There are dozens of locales on the Map which could be adventure sites that would entertain a gaming group for months…ruins and labyrinths and such. Hobgoblins are to Perigord what Orcs are to Middle earth and there is some very interesting material detailing Hobgoblin culture, society, arms and armor, and racial variations. Giants feature as a very common dilemma for the realms, either as impetuous and troublesome  neighbors to keep pacified by any means possible or else as nearly unbeatable foes to try and defend against when they become angry. There is an entire bestiary of faery and fell races to furnish any curious mind with the basics of such beings and their relationship to the game. The Thieves Guild includes an order of female rogues known as the Shadowmaidens who serve the kings of Galliene as spies and burglars of enemies. There is a city on a hill accessible only by a secret mountain entrance…a city  known as Skellig where nearly all magic users go to learn their art or gather lore. There are many such potential campaign nuggets scattered all throughout the text. One neat gem is the depiction of a dark tower outisde the Necropolis called mysteriously the Tower of Seryu....throughout the book there are a few cryptic allusions to the Tower and a growing dark power emanating from it but no hard data--meaning you, the DM can fit the Tower and the name Seryu into your game in a wholly original manner. 

In fact, the entire book feels and reads like a role playing game…but without any rules. The setting, with its maps, grimoires, and bestiaries, can be plugged right into any D&D system old or new in about 20 minutes. And I intend to do just that. I know players who enjoy high fantasy will be thrilled... picture sitting in a tavern with a Minotaur on one side of you and an dwarf on the other, nonchalantly drinking together. In Perigord, a Minotaur in a tavern will stand out--he will be noticed and probably inspire some uneasiness in most--but he will not be an entirely strange sight in the cities of men. That  fact gives you an idea of the flavor of the setting. The tree palace shown on the cover is of course an Elven architecture.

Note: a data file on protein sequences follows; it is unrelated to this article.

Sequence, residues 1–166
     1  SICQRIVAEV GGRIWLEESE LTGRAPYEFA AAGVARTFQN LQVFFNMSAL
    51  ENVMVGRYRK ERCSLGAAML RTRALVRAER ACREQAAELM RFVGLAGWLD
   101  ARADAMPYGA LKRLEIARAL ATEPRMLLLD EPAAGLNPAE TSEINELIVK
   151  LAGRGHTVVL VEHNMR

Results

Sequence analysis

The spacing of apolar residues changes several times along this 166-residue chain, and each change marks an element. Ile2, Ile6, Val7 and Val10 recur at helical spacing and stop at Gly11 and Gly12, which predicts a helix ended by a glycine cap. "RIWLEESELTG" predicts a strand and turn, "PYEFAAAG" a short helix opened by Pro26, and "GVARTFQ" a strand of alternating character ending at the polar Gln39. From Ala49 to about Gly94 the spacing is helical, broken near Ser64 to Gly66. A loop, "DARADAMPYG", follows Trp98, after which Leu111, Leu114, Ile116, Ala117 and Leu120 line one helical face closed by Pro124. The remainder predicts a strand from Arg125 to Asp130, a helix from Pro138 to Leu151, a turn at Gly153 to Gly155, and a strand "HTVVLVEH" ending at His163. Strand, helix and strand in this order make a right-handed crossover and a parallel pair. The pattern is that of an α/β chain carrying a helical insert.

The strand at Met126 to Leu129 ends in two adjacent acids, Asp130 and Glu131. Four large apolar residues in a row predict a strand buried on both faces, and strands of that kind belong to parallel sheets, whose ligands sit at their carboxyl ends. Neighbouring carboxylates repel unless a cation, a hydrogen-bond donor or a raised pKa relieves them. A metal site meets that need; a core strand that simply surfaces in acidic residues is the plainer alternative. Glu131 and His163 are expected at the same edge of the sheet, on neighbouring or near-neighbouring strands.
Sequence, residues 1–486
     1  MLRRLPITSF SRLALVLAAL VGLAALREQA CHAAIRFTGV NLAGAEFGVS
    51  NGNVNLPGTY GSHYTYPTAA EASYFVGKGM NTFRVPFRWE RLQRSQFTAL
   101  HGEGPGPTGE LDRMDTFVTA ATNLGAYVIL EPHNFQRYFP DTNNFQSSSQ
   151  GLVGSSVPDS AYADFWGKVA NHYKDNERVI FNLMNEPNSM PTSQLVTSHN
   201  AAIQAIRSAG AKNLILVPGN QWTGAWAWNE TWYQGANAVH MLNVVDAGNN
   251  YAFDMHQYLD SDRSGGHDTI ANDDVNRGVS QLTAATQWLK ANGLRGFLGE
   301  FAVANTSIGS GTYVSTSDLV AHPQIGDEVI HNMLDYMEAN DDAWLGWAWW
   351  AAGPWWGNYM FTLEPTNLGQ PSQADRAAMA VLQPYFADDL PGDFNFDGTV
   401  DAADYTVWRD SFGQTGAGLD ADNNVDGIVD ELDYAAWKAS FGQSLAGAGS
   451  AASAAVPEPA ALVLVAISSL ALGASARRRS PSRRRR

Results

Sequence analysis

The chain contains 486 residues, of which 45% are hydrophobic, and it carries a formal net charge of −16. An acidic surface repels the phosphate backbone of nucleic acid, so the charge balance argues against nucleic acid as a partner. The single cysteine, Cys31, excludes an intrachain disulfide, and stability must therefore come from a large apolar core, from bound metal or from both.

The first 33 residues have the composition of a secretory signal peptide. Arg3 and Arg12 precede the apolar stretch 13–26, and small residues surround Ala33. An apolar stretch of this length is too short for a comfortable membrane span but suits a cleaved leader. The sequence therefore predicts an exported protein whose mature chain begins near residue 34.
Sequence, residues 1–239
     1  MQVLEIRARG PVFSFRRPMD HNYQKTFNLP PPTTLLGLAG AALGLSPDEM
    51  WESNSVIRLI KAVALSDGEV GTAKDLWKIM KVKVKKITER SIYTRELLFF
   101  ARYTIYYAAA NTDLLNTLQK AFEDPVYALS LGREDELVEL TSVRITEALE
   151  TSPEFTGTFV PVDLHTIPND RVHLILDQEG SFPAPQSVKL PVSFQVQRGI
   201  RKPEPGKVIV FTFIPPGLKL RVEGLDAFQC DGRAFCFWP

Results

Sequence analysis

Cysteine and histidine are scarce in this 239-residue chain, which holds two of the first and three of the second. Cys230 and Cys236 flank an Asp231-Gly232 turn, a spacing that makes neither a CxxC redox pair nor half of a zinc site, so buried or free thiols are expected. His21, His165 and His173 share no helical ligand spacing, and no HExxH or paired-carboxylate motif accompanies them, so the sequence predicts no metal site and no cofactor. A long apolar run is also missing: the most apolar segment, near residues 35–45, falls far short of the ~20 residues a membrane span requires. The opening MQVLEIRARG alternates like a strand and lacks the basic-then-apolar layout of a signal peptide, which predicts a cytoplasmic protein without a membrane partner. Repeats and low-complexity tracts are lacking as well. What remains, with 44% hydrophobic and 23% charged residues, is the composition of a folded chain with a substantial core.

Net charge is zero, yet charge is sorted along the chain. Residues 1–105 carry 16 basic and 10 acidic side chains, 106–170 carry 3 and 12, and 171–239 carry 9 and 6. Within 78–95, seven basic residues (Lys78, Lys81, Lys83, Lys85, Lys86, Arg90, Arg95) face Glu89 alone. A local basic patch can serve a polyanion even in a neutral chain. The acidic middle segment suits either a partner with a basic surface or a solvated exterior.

I just wanted to let D&D players know about this treasure--even with no relation to the game it would be a very great read to give as a gift to a younger reader who likes art and has an imagination. If nothing else, you will pull ideas from it and enjoy the art. One of my favorite illustrations inside is a two page panel of a Paladin dueling a demon armed with a wicked vorpal sword. Some of the art looks like very realistic acrylic or water color painting and other parts look like colored medieval woodcuts, like the demon vs. the Paladin. There is a two panel realistic painting of a sylvan healing woman playing her guitar by a pond or stream that is very reminiscent of the work of John William Waterhouse.  . And the detailed border work the artist comes up with looks like the metal works adorning old illuminated manuscripts or carvings bedecking the treasure items of an ancient king. They are painted in a manner that almost looks 3-D, real illusions.

There is even a two panel map with text of a maga-dungeon in the form of an example of the Minotaur subterranean cities!

I scoured the Internet for images of the book's interior and couldn't find any but I did find an old blog apparently published by the author/illustrator. It's here:

Hopefully you can find this tome and add it to your gaming shelf--it's a real keepsake.

Thanks for reading!